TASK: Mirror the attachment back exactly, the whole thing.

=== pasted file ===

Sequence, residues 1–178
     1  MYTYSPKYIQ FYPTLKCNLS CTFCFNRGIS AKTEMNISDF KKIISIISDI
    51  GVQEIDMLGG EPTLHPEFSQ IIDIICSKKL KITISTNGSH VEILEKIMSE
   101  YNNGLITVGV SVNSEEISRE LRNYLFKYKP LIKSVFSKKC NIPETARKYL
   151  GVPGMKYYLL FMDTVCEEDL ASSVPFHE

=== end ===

Sequence, residues 1–178
     1  MYTYSPKYIQ FYPTLKCNLS CTFCFNRGIS AKTEMNISDF KKIISIISDI
    51  GVQEIDMLGG EPTLHPEFSQ IIDIICSKKL KITISTNGSH VEILEKIMSE
   101  YNNGLITVGV SVNSEEISRE LRNYLFKYKP LIKSVFSKKC NIPETARKYL
   151  GVPGMKYYLL FMDTVCEEDL ASSVPFHE